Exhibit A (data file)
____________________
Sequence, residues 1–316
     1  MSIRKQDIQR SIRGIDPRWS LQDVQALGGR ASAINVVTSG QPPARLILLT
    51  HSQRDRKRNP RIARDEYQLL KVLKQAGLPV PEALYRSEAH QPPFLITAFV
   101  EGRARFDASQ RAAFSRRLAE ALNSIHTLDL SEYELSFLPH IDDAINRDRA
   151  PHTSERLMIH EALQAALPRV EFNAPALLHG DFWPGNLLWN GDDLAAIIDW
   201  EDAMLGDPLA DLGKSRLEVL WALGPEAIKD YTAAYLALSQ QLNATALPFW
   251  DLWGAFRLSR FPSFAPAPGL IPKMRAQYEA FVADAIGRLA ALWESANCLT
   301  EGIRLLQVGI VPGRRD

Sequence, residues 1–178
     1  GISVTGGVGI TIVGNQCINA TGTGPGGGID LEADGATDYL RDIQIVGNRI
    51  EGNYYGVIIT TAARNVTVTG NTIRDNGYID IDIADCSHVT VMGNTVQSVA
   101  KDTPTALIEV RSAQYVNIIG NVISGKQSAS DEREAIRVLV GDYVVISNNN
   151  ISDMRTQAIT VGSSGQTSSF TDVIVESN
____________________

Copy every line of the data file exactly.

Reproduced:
Sequence, residues 1–316
     1  MSIRKQDIQR SIRGIDPRWS LQDVQALGGR ASAINVVTSG QPPARLILLT
    51  HSQRDRKRNP RIARDEYQLL KVLKQAGLPV PEALYRSEAH QPPFLITAFV
   101  EGRARFDASQ RAAFSRRLAE ALNSIHTLDL SEYELSFLPH IDDAINRDRA
   151  PHTSERLMIH EALQAALPRV EFNAPALLHG DFWPGNLLWN GDDLAAIIDW
   201  EDAMLGDPLA DLGKSRLEVL WALGPEAIKD YTAAYLALSQ QLNATALPFW
   251  DLWGAFRLSR FPSFAPAPGL IPKMRAQYEA FVADAIGRLA ALWESANCLT
   301  EGIRLLQVGI VPGRRD

Sequence, residues 1–178
     1  GISVTGGVGI TIVGNQCINA TGTGPGGGID LEADGATDYL RDIQIVGNRI
    51  EGNYYGVIIT TAARNVTVTG NTIRDNGYID IDIADCSHVT VMGNTVQSVA
   101  KDTPTALIEV RSAQYVNIIG NVISGKQSAS DEREAIRVLV GDYVVISNNN
   151  ISDMRTQAIT VGSSGQTSSF TDVIVESN